DNA was extracted from the samples and submitted to the Edinburgh Genomics facility for sequencing. Four of the samples were sequenced at two different depths (50X and 25X coverage, ie, each nucleotide in the genome is sequenced an average of 50 or 25 times). This was done to give an idea of the level or ‘depth’ of sequencing that would be optimal for analysing the UK population. The DNA sequences from each sample were lined up with the Apis mellifera reference genome and the genetic variation present in each colony was identified.

Identifying subspecies

Very common forms of genetic variation are called ‘small nucleotide variations’ (SNVs), where a single nucleotide in the DNA has been exchanged for a different one. Other commonly found variations between genomes are small insertions or deletions of nucleotide sequences. Using these genetic variations between colonies’ DNA sequences, we can identify the different subspecies of honey bee.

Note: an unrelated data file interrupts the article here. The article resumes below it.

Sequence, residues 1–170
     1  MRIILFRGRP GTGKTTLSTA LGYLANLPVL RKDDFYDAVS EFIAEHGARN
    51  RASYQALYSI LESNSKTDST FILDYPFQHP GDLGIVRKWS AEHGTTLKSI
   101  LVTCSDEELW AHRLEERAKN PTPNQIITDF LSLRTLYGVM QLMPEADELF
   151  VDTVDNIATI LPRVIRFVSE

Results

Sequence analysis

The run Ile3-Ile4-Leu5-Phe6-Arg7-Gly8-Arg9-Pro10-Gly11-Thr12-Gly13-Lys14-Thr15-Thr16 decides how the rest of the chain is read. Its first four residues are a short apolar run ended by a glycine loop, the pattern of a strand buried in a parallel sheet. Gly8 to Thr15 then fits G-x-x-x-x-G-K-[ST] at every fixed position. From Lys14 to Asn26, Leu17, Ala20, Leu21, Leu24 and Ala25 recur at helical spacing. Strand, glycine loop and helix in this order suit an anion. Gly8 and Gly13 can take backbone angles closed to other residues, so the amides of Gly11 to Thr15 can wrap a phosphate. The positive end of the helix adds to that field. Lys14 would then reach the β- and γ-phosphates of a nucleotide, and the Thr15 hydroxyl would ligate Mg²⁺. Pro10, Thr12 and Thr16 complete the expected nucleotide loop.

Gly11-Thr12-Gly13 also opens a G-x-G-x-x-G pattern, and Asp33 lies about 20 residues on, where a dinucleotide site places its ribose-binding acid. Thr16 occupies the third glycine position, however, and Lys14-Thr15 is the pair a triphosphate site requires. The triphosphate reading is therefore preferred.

The figure shows a comparison of all the genetic variation across each colony (a similarity network). Each colony is represented by a sphere and the more similar one colony is to another, the thicker the line connecting them. The Carniolan sample and Buckfast sample are not connected to any other samples and their positioning on the network is arbitrary. If we progressively lowered the minimum similarity score used to construct the network, they would connect to each other and then to the Wigtownshire and Aberdeenshire samples.